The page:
This begs the question:  where did the A go?  What are the other things that are taking up so much time?  The answer:  data prep and spreadsheet jockeying.  These functions suck time away and the soul from the FP&A function.

dataprep

Data-related tasks — such as finding, integrating, and preparing data — take up more than 2/3rds of FP&A’s time.  Put differently, FP&A spends twice as much time getting ready to analyze data than it does analyzing it.  It might even be worse, depending on whether periodic and ad hoc reporting is included in data-related task or further carved out of the 28% of time remaining for analytics, as I suspect it is.

spreadsheetsrule

It’s not just finance who loves spreadsheets.  The business does do:  salesops, marketingops, supply chain planners, professional services ops, and customer support all love spreadsheets, too.  When I worked at Salesforce, we had one of the most sophisticated sales strategy and planning teams I’ve ever seen.  Their tool of choice?  Excel.

This comes back to haunt finance in three ways:

  • Warring models, for example, when the salesops new bookings model doesn’t foot to the finance one because they make different ramping and turnover assumptions.  These waste time with potential endless fights.
  • Non-integrated models.  Say sales and finance finally agree on a bookings target and to hire 5 more salespeople to support it.  Now we need to call marketing to update their leadgen model to ensure there’s enough budget to support them, customer service to ensure we’re staffed to handle the incremental customers they sign, professional services to ensure we’re have adequate consulting resources, and on and on.  Forget any of these steps and you’ll start the year out of balance, with unattainable targets somewhere.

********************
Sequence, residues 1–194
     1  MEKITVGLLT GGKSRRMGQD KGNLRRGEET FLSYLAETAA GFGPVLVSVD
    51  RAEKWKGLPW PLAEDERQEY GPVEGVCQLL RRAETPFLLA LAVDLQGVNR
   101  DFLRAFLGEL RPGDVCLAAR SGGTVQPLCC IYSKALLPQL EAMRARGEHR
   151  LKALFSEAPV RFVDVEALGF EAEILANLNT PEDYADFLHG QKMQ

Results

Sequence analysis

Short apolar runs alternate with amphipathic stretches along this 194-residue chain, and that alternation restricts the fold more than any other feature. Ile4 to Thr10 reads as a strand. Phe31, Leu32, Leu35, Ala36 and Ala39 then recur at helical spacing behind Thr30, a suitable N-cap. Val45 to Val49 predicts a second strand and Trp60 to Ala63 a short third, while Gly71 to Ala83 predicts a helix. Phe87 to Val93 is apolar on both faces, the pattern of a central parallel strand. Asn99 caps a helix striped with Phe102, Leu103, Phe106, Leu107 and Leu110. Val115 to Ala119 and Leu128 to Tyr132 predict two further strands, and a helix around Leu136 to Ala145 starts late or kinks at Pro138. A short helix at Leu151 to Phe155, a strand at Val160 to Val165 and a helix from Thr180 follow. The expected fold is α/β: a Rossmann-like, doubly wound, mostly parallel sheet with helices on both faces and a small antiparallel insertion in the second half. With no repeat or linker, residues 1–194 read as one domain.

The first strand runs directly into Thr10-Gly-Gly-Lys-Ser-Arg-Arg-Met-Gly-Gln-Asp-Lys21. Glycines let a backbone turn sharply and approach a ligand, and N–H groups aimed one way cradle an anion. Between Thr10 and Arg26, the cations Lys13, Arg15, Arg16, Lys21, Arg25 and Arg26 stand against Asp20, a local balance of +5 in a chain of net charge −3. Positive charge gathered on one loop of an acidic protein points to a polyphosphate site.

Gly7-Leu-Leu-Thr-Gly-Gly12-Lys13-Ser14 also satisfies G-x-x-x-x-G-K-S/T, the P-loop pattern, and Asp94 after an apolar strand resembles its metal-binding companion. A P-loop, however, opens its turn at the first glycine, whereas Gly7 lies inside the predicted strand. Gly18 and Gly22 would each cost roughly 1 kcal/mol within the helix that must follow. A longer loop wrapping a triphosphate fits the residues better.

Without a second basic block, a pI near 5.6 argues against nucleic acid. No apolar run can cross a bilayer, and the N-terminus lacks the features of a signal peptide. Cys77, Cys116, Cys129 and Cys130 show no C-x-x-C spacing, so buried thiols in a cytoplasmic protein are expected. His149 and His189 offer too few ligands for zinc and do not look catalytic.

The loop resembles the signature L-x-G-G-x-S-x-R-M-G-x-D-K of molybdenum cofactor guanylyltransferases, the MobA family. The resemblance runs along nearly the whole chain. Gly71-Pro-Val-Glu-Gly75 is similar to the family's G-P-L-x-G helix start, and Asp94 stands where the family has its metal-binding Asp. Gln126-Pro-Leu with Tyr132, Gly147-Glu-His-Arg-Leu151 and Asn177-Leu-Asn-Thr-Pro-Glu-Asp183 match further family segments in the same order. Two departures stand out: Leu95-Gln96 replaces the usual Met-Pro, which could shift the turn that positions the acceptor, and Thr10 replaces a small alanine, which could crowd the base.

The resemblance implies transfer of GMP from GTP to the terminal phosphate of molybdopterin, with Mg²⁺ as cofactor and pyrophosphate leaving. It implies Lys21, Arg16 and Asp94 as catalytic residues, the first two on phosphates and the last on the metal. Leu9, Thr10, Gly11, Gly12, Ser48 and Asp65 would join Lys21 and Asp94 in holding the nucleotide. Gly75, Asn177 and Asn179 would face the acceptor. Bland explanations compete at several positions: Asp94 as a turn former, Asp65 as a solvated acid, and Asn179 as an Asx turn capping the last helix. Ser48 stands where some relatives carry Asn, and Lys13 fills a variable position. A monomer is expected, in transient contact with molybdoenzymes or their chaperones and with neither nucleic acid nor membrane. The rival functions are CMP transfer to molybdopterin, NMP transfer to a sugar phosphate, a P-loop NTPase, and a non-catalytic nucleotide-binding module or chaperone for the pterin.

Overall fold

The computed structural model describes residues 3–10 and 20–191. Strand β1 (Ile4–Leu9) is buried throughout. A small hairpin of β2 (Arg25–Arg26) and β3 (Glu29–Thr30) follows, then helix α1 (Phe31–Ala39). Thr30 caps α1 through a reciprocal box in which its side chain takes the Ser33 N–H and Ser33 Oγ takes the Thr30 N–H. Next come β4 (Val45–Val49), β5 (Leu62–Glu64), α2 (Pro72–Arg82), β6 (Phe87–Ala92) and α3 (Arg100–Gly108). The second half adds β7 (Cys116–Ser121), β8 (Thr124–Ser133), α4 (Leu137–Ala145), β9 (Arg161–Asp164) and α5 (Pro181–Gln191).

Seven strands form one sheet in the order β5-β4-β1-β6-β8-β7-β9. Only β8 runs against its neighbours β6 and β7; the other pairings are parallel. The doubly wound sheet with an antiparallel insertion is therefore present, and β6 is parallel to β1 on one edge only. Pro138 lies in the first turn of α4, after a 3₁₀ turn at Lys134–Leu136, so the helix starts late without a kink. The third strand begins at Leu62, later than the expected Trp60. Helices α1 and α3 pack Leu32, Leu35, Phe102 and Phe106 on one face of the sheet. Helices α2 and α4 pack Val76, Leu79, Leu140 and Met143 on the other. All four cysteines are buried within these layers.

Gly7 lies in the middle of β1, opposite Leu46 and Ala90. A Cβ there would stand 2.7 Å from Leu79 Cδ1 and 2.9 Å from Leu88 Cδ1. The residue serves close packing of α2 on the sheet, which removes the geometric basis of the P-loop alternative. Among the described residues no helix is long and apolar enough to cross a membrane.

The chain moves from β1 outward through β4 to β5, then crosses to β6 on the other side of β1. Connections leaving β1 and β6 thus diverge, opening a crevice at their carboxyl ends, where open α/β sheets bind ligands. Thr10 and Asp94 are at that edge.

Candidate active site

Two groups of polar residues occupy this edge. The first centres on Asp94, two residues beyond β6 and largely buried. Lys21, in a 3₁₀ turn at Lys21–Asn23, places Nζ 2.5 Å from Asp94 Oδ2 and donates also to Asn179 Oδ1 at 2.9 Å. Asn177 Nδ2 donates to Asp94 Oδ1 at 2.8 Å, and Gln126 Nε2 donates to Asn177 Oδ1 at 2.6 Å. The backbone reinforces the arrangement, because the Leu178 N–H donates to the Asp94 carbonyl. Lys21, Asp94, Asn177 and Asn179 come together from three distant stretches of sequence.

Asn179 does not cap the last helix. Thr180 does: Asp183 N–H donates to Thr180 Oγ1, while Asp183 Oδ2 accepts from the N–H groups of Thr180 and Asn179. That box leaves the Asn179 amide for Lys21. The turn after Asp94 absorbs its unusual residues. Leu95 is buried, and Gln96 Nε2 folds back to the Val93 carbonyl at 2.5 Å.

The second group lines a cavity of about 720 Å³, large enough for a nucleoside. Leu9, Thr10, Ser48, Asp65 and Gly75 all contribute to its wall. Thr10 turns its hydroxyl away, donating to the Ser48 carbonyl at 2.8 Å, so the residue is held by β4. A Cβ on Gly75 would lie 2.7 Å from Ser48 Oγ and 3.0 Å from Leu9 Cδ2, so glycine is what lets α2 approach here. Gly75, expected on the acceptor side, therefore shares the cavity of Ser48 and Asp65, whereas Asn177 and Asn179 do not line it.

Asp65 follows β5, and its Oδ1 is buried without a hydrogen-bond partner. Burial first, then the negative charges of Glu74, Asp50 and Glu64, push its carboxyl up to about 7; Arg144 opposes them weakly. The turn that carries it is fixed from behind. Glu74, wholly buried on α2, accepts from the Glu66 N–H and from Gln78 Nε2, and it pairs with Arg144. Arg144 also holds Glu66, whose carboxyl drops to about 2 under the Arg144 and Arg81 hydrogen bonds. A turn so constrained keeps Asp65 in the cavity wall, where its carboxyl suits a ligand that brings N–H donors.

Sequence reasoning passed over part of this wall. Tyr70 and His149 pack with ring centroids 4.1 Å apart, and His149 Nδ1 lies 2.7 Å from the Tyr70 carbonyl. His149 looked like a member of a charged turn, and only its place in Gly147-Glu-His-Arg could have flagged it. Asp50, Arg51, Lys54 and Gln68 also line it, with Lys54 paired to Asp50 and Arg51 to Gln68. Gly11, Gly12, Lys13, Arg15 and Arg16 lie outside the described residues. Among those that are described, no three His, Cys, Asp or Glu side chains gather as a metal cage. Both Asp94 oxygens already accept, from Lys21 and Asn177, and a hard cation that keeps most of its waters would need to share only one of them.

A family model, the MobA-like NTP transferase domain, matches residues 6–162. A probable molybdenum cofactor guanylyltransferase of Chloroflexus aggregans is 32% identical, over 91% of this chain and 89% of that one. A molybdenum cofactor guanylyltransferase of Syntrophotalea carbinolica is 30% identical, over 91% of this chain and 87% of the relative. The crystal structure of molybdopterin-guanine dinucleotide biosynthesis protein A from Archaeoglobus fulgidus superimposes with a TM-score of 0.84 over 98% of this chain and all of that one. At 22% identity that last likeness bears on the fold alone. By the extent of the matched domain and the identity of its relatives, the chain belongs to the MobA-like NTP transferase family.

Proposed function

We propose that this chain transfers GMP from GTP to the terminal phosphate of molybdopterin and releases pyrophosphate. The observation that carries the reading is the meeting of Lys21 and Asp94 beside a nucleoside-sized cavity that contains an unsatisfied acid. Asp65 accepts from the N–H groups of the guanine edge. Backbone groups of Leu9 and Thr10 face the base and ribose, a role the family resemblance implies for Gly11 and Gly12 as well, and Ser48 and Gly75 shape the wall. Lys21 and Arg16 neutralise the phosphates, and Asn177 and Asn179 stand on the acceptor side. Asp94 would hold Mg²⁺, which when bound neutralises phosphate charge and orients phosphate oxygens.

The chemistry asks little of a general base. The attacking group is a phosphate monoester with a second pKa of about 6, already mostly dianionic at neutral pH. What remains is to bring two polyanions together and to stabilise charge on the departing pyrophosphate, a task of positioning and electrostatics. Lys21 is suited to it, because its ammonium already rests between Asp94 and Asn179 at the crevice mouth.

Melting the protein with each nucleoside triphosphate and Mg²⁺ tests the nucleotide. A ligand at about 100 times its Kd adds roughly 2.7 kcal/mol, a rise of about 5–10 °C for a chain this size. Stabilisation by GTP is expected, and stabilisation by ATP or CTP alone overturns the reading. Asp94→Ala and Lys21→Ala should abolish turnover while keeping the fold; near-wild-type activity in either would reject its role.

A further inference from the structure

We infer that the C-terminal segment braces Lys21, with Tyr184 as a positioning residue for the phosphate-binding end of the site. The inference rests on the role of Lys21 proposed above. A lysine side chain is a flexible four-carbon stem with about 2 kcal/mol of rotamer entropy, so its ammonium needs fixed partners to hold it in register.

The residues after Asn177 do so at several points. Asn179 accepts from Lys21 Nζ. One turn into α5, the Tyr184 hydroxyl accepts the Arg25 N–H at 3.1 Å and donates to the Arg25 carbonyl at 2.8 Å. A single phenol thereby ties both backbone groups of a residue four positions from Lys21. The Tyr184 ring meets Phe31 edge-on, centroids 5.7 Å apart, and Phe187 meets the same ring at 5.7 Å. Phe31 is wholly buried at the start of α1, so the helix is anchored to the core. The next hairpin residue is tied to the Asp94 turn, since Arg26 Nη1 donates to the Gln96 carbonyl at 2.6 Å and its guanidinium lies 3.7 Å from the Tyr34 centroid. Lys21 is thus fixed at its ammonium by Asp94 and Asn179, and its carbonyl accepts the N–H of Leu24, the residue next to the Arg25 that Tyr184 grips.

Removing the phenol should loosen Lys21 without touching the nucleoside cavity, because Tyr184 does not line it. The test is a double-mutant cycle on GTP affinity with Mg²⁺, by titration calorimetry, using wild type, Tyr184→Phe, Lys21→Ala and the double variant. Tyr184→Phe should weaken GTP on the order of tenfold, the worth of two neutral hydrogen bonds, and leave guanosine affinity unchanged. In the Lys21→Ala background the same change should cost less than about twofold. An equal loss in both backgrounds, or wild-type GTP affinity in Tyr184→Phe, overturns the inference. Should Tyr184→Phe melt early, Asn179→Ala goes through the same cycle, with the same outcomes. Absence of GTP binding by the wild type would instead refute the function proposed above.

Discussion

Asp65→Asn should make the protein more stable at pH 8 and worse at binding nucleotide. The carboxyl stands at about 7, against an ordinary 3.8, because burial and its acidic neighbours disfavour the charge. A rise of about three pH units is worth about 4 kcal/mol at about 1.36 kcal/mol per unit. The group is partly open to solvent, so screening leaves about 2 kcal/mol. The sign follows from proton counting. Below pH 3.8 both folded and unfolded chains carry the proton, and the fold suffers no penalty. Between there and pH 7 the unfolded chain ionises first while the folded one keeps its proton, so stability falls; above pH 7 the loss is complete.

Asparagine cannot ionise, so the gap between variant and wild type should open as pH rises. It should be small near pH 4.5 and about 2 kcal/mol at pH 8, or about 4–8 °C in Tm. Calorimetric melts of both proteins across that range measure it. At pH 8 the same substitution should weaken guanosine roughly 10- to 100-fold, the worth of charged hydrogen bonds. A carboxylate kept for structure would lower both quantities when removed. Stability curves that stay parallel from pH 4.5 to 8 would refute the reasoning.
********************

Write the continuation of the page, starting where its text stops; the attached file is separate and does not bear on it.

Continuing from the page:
• Excel inundation.   FP&A develops battle fatigue dealing with and integrating some many different versions of so many spreadsheets, often late and night and under deadline pressure.  Mistakes gets made.

So how can prevent FP&A from being run over by these forces?  The answer is to automate, automate, and integrate.

  • Automate data integration and preparation.  Let’s free up time by use software that lets you “set and forget” data refreshes.  You should be able to setup a connector to a data source one, and then have it automatically run at periodic intervals going forward.  No more mailing spreadsheets around.
  • Automate periodic FP&A tasks.  Use software where you can invest in building the perfect monthly board pack, monthly management reports, quarterly ops review decks, and quarterly board reports once, and then automatically refresh it every period through these templates.  This not only free up time and reduces drudgery; it eliminates plenty of mistakes as well.
  • Integrate planning across the organization.  Move to a cloud-based enterprise performance platform (like Host Analytics) that not only accomplishes the prior two goals, but also offers a modeling platform that can be used across the organization to put finance, salesops, marketingops, professional services, supply chain, HR, and everyone else across the organization on a common footing.

Since the obligatory groundwork in FP&A is always heavy, you’re not going to succeed in putting the A back in FP&A simply by working harder and later.  The only way to put the A back in FP&A is to create time.  And you can do that with two doses of automation and one of integration.